I have several medical equipment leases which cost me about $9000/mo. My business has been loosing money and I spoke with a bankruptcy attorney who informed me that the only way to get out of the leases was to file chapter 13. I tried to negotiate with the leasing companies and they weren't interested in this option. A different equipment company wants to lease me their equipment and told me that their attorney would have no problem getting me out of my current leases and warranty agreements. I have no interest in getting into another expensive lease which only looses me more money. Is there another option for getting out of a lease other than filing chapter 13, which I hope to avoid if possible.
Personal Injury Lawyer
Read the leases. What happens if you break the lease? What are the damages / penalty? If you want to continue to use the equipment, then you're going to have to pay. But if you are quitting business, then consider what would be the down-side of giving back the equipment.
Jeff Merrick, Oregon Trial Attorney
Injury & Employment Law
The above is not legal advice. I cannot give you sound advice without knowing more information. It is intended to raise some issues for you to discuss with your own lawyer.
There are almost always more than two options. Since you're considering Chapter 13,did you personally guaranteed the medical equipment? What are your intentions with the business - continue or not? Are you looking to cancel all of the leases? What's the lease term?
As my colleague noted, you should have an attorney review the terms of the leases. Base your action on what your options might be therein. Talk to the leasing company to see if more favorable rates can be obtained - they'll probably want to retain you as a customer when it's time or renewal. If direct negotiations fail, other actions might be considered, such as breaking the lease or bankruptcy options.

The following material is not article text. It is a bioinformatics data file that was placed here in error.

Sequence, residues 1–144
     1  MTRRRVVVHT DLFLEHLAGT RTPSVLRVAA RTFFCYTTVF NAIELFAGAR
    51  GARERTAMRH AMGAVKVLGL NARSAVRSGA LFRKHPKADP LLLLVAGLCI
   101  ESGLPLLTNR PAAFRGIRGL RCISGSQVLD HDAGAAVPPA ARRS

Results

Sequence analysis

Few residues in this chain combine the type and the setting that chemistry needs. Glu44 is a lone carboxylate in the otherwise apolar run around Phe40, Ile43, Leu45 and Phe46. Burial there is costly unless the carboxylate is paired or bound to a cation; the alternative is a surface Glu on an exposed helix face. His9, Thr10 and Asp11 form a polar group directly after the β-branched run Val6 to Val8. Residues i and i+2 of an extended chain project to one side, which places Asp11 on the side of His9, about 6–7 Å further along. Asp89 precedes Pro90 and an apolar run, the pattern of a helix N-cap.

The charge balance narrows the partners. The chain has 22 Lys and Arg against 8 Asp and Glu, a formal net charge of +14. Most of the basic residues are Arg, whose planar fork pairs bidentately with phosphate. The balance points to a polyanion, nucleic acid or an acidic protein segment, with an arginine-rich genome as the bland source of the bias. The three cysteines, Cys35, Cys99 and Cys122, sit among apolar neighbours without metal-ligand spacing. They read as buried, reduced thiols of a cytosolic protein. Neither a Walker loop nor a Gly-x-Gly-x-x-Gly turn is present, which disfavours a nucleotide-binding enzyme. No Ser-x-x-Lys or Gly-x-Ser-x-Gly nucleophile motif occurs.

Not only it is unlikely that the other company's attorney can simply "get you out" of the other leases, interfering in a third party's contractual relationship like that can expose them to civil liability for tortuous interference with business relationships/contractual relations. They're either lying or have no idea what they're talking about.
Michael J. Duffy, Esq.
Duffy Law, LLC
1500 Market Street
12th Floor, East Tower
Philadelphia, Pennsylvania 19102
52 Berlin Rd.
Cherry Hill, NJ 08034
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As the previous two attorneys noted, you have options. But to really know what those options are and what the best course of action would be, you need to understand your leases and the circumstances defined within them.
You would be well advised to consult with an attorney for an initial confidential assessment of your situation.
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